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Pussy Riot hunger-striker struggles with cold cell

Pussy Riot punk band member Nadezhda Tolokonnikova at a courthouse in Zubova Polyana, on April 26, 2013
Nadezhda Tolokonnikova -- one of the jailed members of the punk band "Pussy Riot" -- in the defendant's cage at a courthouse in Zubova Polyana, on April 26, 2013. The Russian prison service says it has moved Tolokonnikova to an isolation cell after she la

Jailed Pussy Riot musician Nadezhda Tolokonnikova said Tuesday that she had been moved to a chilly isolation cell after she launched a hunger strike over what she called death threats and slave labour conditions.

Tolokonnikova said in a new letter released Tuesday evening that she was freezing in an isolation cell, despite prison authorities saying she was in comfortable conditions.

The 23-year-old philosophy student and activist declared a hunger strike on Monday, saying in a letter released to the media that prisoners had to work 17-hour days sewing uniforms and that she received death threats from the colony's deputy governor and fellow inmates.

She said Tuesday evening she had been moved to a cell that had a chilly temperature of 12-14 degrees Celsius (53 to 57 degrees Fahrenheit) in the penal colony in the central Mordovia region.

"Even five layers of clothing don't save you from piercing cold. I sit on a narrow cold bench and write," she said in the letter released by her husband, activist Pyotr Verzilov.

"When you are on hunger strike it's hard to sit and freeze all day: your body temperature is lowered and your head spins."

Tolokonnikova, who has a young daughter, is half-way through a two-year sentence after being convicted over punk band Pussy Riot's protest song in a Moscow cathedral last year.

The prison authorities had earlier denied that she was in a punishment cell, saying she had been put in isolation in a "safe place" that was reasonably comfortable because of her claims of being threatened.

The prison service insisted that Tolokonnikova's cell had a "level of comfort (that) meets legal norms".

"She has her personal things, food, books and stationery," it said.

Staff were continuing to bring Tolokonnikova food despite her hunger strike, according to the chairman of a Kremlin-linked prisoners' rights watchdog for Mordovia, Gennady Morozov.

Tolokonnikova said Tuesday she had asked not to be moved to the cell because she feared being "left one-to-one with the prison bosses."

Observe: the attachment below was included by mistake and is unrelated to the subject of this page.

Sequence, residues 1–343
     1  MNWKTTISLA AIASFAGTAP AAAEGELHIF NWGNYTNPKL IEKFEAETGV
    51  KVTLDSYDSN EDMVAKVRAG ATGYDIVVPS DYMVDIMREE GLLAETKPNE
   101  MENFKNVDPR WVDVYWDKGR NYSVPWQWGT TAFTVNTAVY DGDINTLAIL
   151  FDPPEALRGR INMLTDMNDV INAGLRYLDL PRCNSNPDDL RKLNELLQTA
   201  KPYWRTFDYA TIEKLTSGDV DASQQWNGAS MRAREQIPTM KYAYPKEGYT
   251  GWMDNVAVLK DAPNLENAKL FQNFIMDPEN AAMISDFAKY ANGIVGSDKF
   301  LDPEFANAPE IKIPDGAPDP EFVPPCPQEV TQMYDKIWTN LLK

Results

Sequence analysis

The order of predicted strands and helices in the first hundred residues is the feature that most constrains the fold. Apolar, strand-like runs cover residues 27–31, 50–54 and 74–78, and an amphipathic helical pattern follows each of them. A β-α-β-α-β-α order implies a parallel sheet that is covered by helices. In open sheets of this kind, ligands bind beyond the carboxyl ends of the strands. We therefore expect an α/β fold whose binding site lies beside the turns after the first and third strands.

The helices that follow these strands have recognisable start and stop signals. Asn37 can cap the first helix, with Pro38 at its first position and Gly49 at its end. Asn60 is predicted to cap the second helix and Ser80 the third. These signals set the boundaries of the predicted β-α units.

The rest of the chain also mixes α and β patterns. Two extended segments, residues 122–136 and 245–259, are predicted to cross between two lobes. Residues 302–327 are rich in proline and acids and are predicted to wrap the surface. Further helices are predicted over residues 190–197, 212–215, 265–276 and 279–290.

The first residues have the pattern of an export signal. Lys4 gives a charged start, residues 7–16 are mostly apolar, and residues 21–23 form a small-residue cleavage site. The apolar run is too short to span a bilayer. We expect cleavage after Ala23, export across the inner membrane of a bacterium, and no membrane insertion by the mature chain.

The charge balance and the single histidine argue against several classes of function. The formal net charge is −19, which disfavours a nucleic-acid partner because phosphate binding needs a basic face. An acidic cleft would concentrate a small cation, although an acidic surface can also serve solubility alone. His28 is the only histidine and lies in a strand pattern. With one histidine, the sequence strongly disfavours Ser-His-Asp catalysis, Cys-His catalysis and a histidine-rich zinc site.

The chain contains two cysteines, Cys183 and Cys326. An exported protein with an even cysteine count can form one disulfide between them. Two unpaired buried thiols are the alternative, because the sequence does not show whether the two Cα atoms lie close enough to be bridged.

She said she believed the prison bosses could use other prisoners to "put pressure on me and force me to stay silent, with a threat to ... kill me," she said.

In her first letter released Monday, Tolokonnikova described harrowing conditions, saying inmates were treated like "slaves" and that a culture of violence saw prison staff encouraging inmates to beat up rule-breakers.

She alleged prisoners were forced to work naked as punishment for sewing slowly and described insanitary conditions, with the women often deprived of weekly showers and having to unblock overflowing toilets themselves.

In the most serious allegation, she wrote the camp's deputy governor hinted she would be killed by inmates if she pushed for their rights.

He warned that if the prisoners worked shorter hours, they would be punished for failing to reach production targets and would take revenge on her.

"When they find out this happened because of you, then nothing bad will happen to you again -- because nothing bad happens in the afterlife," Tolokonnikova accused him of saying.

More than 26,000 people have signed an online petition asking the prison service to move Tolokonnikova to another prison colony.

"Any of us could be in this girl's position. Let's support Nadya and tell our friends about her letter," Pavel Durov, the founder of VKontakte, Russia's equivalent to Facebook, wrote on his personal page. "What she describes must be rooted out."

The regional Investigative Committee said it had launched a preliminary probe into her claims.

The regional prison service has denied Tolokonnikova's claims, saying prisoners work eight-hour shifts. It said that she had threatened to make her letter public unless she was allowed to move to a different job in the colony.

The other imprisoned Pussy Riot musician, Maria Alyokhina, 25, has also complained of rights abuses at her camp in the Urals region and has spent much of her sentence in voluntary isolation.

Both women have had two requests for parole turned down.

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